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Trip Report - Moose Hunting in Sweden
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Picture of Hannay
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Date: 20-24 September 2014
Outfitter & Guide: Joachim Andersson
Location: Jämtland, Sweden, about 250 km north of Östersund
Species Taken: Moose



I am an Oklahoman living in Sweden for a year. When I saw the offer of a Swedish moose hunt specifically targeting bulls in the mountains ( Original ad ) on the Accurate Reloading forums earlier this year, I decided it was too good an opportunity to pass up. This is an account of that trip.

I arrived on Friday, September 19th to Östersund about an hour late, due to some fog at Stockholm Bromma Airport. Joachim Andersson, my guide, picked me up and drove me to Blomhöjden, where he has a couple cabins reachable by road, plus a fishing cabin, reachable by ATV. Blomhöjden is about 250 km north of Östersund and about 30 km east of the Norwegian border. The latitude is 64.5 deg. North, so not too far from the Arctic Circle. It has a population of maybe 10 people; there are two farms and a few cabins. I met his wife, Zara, and his three children I practiced my Swedish with his oldest son and he practiced his English with me. Perjonas: Plockar du svamp? Jeff: Jag plockar inte svamp. Jag vete inte vilken svamp är gift! (Translation: do you pick mushrooms? I don't pick mushrooms. I don't know which ones are poisonous!) I slept that night in one of the cabins.

On Saturday morning, I test fired the rifle Joachim lent me, a Tikka M695 in 9.3x62 topped by a Leupold 3x9 scope, an aftermarket stock with adjustable comb, and a Stalon Whisper ljuddampare (suppressor). With 4 shots fired, it seemed to be well sighted in, and quite capable of hitting a moose in the vitals at 100 yards. I packed a daypack and Joachim dropped me off at the trailhead. I walked about two and a half hours to get to our camp. Joachim took a 6-wheel Polaris ATV up with all of my stuff, food for the trip, etc.

Our camp was on the slopes of a mountain called Baltjoe. It is not a Swedish name, but a Sami name, and the pronunciation to this American sounds like Ballt-choen. Baltjoe is 991 m high and our camp is at about 800 m, just below a ridge line.



Our hunting was all done on the other side of the ridge, so first thing in the morning we would walk below the ridge, then cross over to a spot where we would glass the valley below looking for moose. The general technique was that we would move from overlook to overlook and we would look for moose and Joachim would call, especially if we saw a bull.




Camp itself was a Norwegian made tent designed roughly like a yurt, with a wood stove in the center. I had brought a sleeping bag and a self-inflating foam pad, but the reindeer skin really helped insulate me from the ground.





Saturday afternoon: beautiful weather sunny and ~15 C / 59 F. In response to a call, Joachim hears a moose moving through the brush right below us. We never see the moose, though. Perhaps he winded us or heard us. Later, from another overlook, we watched a bull moose, cow, and two calves for about 30 minutes. Joachim called (imitating a cow), but the cow decided she didn't like the competition and went further away. The bull apparently decided a bird in the hand was better than the one in the bush and followed the cow.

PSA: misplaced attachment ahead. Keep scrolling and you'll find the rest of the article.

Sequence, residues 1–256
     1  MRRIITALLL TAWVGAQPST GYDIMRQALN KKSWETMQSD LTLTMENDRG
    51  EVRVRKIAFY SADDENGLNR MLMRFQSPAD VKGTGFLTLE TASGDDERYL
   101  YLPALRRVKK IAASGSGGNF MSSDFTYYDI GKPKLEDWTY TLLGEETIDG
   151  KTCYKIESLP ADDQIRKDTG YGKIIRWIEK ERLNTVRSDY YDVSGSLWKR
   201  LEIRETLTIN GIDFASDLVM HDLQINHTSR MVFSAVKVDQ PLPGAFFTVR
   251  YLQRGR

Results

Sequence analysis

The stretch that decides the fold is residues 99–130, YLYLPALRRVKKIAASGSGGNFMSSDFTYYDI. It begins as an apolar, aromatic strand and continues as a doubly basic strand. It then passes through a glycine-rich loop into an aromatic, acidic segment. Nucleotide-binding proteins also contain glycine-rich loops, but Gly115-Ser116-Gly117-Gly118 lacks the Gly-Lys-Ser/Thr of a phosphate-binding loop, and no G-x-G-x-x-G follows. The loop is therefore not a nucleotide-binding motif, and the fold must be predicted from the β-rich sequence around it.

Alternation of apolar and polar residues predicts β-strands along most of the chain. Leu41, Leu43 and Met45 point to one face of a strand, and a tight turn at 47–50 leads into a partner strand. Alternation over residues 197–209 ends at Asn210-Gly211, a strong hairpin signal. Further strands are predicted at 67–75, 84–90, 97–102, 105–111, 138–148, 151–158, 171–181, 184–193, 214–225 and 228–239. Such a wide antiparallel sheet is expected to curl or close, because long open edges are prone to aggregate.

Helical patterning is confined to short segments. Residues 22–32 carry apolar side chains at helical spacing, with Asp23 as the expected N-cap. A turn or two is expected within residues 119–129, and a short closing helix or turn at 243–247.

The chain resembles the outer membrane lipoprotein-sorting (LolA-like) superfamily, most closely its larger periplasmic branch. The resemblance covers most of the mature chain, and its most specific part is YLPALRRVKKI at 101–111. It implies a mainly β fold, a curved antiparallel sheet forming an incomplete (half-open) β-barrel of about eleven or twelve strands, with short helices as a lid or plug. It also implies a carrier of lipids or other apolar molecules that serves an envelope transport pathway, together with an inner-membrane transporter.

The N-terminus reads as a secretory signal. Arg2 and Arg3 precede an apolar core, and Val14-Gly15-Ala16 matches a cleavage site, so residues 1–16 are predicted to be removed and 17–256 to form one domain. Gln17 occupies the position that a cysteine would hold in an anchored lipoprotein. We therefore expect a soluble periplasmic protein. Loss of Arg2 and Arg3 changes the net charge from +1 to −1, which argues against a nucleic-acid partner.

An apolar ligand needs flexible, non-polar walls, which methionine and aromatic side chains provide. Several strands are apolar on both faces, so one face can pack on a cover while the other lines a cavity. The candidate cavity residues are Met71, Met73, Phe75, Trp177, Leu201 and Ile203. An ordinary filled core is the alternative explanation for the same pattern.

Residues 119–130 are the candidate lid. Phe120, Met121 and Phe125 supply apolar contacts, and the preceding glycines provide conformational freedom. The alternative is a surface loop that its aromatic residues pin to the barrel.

Sunday morning: over Saturday night, the weather had changed, the wind was blowing hard and there was a cold mist much of the time. We watched a cow moose and one calf at a salt block that Joachim had mounted about 3 m / 10 ft off the ground.




After getting chilled, we went back to the tent for an early lunch and warm-up. That afternoon we saw the same bull again, along with the cow and one calf. They were near the ridge opposite to us across the valley. They ignored Joachim's calling and wandered over the ridge. We watched for awhile, but saw neither them nor any other moose and went back to camp for dinner. After the bull disappeared again, we started calling him the “ghost bull” for his propensity to disappear on us.

Monday morning: clearer and colder, with less wind, but still brisk. We first went to the overlook from which we had seen the ghost bull the night before. We glassed for about an hour without seeing any moose. We did see some reindeer, though. So, we moved to another overlook.

Here, after a half hour of glassing, Joachim spots a bull well below us, along with a calf and a cow, all lying down. About 9:00, I think.


No response to Joachim's calls. (By now if you think that calling doesn't work well, read on!). We watch for awhile and discuss whether to risk trying to stalk the bull. (The risk being that if we traipse around down there and leave our scent we risk that we will spook other moose later.). Joachim thinks the chances are high that the six ears, three noses, and six eyes will foil our stalk. But we decide to go for it, so we begin the descent to the valley. Very quietly! Instead of a direct route, we go downhill so that we arrive well downwind of the moose.

When we get part way down, Joachim takes a slight detour to get eyes on the bull. He is now up feeding in the myr (a boggy meadow.). We are about 200 meters away, so we hurry, quietly to get closer. As we get closer, the bull and cow get quite noisy. The bull and the cow keep - how shall I put this politely?- moving around until she is ready to stand for him. First they are by a lake to the south of us, but only the cow comes out into the open, so no shot possible. Then, they are in the myr, and we are in the woods - I need to get closer to get a clear shot. Joachim sends me forward alone to the very edge of the woods. I sneak quickly up there. By the time I get there, they are just inside the woods across the corner of the meadow, no more than 40 meters away from me. I have a perfect line of sight to shoot, but, the bull has his head over the cow's back so it's a no go. Then they move again, back further in the woods, and while I wait I see not one but two calves follow them. Joachim joins me and we decide to head back where we can see the lake in hopes they may come out again.